Read: “You Mean I Can Just Say It That Way?: Academic Writing Doesn’t Mean Setting Aside Your Own Voice” by Gerald Graff and Cathy Birkenstein and write a response to the questions below!
- What do you think of this article? What did you like or dislike about it? Do you agree or disagree with their argument? explain!
- The authors say, “The goal of this chapter is to counteract this common misconception: that relying in college on the straightforward, down-to-earth language you use every day will make you sound stupid; that to impress your teachers you need to set aside your everyday voice and write in a way that nobody can understand” ( Graff and Birkenstein 118). What does this mean? How do they want you to change your thinking?
- According to the author’s what does it mean to “master academic writing”? How should students go about it?
- On page 125, the authors write, “On the contrary, writing is more often a means of discovery in which we use the writing process to figure out what our idea is. This is why writers are often surprised to find that what they end up with on the page is quite different from what they thought it would be when they started. What we are trying to say here is that everydayspeak is often crucial for this discovery process, that translating your ideas into more common, simpler terms can help you figure out what your ideas really are, as opposed to what you initially imagined they were.” What are the authors trying to say? Do you agree or disagree? Have you ever had a similar experience?
- In the Code-Meshing section, the author’s discuss using slang, dialect and other components of “everydayspeak” in writing. What do you think? Do you agree or disagree with their position? Explain!
- Look over your writing from this semester and maybe from other classes, do you incorporate aspects of “everydayspeak” in your writing? Think about how or why you made the choices you did.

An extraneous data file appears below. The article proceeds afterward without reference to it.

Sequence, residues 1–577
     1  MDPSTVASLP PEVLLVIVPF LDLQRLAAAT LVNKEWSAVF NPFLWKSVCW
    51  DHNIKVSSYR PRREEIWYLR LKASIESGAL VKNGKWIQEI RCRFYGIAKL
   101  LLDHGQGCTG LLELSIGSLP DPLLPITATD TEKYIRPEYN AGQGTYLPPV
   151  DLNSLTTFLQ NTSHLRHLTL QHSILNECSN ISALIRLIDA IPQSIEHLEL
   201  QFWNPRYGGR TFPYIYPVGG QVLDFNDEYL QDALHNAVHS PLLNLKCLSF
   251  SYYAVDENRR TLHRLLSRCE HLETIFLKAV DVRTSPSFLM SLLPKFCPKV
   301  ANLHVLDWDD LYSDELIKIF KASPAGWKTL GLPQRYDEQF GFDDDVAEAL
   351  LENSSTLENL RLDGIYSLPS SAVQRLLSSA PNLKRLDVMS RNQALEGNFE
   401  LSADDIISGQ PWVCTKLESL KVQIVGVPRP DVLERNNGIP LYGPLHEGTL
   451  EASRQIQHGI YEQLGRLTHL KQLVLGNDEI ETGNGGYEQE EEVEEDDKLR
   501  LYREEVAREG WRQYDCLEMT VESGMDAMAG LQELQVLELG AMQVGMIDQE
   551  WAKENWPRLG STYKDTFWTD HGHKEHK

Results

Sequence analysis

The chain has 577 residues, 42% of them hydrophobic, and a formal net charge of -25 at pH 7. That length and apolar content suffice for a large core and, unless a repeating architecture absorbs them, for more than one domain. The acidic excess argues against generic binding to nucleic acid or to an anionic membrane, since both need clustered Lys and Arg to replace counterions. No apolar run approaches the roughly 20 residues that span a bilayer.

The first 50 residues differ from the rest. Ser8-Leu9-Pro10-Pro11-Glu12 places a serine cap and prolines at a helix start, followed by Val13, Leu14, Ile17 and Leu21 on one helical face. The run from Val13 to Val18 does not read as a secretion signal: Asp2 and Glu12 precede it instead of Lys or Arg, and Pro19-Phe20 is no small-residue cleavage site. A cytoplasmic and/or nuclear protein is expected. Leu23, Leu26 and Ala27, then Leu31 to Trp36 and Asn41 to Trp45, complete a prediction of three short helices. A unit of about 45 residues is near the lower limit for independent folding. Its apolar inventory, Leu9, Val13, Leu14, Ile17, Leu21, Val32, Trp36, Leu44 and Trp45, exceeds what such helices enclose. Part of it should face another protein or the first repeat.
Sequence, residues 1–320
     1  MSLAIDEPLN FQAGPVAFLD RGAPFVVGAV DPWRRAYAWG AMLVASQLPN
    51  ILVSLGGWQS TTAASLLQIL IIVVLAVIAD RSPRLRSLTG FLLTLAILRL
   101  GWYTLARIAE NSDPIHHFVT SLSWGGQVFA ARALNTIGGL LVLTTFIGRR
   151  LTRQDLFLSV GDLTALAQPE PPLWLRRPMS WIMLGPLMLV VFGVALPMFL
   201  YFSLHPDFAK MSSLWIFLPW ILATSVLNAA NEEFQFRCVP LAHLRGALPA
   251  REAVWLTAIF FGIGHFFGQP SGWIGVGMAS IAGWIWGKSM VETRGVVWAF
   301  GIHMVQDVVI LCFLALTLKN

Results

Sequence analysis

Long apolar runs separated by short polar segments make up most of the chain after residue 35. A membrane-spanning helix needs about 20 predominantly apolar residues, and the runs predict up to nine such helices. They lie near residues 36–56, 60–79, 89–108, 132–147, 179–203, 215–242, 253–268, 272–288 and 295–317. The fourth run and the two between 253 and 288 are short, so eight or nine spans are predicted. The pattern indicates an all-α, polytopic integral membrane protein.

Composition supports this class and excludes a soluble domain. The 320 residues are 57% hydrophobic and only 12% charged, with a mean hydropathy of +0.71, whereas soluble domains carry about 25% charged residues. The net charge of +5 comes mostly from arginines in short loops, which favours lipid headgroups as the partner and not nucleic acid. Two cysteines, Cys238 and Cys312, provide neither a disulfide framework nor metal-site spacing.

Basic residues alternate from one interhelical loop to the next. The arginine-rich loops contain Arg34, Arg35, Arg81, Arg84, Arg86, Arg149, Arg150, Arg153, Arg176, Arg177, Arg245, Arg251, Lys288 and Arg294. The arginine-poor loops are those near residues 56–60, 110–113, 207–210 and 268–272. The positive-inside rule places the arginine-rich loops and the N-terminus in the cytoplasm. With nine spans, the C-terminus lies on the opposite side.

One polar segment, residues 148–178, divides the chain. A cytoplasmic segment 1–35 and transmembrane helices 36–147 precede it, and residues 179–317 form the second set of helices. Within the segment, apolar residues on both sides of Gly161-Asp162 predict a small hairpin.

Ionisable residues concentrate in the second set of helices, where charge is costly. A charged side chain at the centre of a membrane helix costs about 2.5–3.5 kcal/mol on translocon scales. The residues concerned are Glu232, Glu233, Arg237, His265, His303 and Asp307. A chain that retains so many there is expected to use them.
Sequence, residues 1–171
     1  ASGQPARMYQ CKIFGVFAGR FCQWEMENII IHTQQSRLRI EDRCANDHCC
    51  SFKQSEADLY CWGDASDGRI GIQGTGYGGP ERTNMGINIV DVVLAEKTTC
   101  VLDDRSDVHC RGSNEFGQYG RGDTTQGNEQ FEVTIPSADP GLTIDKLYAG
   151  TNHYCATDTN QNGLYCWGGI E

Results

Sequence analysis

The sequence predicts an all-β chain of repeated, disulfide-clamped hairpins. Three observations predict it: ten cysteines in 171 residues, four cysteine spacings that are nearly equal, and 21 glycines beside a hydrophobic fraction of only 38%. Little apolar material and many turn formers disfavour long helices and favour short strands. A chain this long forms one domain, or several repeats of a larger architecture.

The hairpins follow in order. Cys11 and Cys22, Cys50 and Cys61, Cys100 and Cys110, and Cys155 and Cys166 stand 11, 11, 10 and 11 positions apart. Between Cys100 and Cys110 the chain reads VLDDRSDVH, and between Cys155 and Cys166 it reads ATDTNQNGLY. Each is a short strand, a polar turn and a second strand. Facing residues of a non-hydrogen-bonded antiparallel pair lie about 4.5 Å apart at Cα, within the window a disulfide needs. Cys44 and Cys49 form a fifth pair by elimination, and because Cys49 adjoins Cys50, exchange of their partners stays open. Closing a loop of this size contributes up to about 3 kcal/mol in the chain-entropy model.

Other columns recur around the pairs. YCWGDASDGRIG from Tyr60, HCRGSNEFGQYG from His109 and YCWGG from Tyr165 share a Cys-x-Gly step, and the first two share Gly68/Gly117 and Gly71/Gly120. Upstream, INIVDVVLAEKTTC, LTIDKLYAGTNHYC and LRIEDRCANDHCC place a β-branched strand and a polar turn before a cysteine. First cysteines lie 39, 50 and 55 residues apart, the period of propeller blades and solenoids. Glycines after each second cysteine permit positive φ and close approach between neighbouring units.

Please read “Why I’m Behind the Athletes’ Bill of Rights” by Cory Booker and write a response to the following questions. Please make sure to respond to AT LEAST one classmate!
I prefer it if you respond to this post directly, but if you choose you may create a new post.
DUE March, 18th
- What did you think of the piece? Be honest! Did you find any parts interesting? Did you learn something new?
- What is the piece MOSTLY about?
- Who do you think is the intended audience of the piece? Who is meant to read this text?
- What do you think is the purpose of this text? Why do you think the author wrote it?
- Can you figure out the specific genre of article of this piece (opinion, scientific, feature, news, etc)?
- What did you notice about how the author wrote this piece? Maybe the tone (formal, informal, humorous, casual, etc), or the use of ethos (statistics and facts) or the use of pathos (emotion) or the use of logos (logic)?
- What stands out to you– what do you like/ dislike about this writer’s style? What are you confused by? What do you want to know more about? Pay special attention to how this author uses research (outside facts, statistics, history, news, interviews) etc in their writing.
- What did you learn from reading this article? How did this author use research? How do they use personal experience?
My mother wanted to be a pediatric nurse, and she didn’t go through it, but instead became a preschool teacher, so growing up, I’ve always been exposed to children and prone to looking after children. Everyone always thought that if I wanted to, I would become a caring nurse. What made me go through this is when I watched a documentary on how black women were treated in the maternity aspects of health care .Nurses are an inspiration because they do it for the love of the profession. … I’m inspired to become a nurse because when I’m in the hospital, a caring, dedicated nurse will be there to help every step of the way.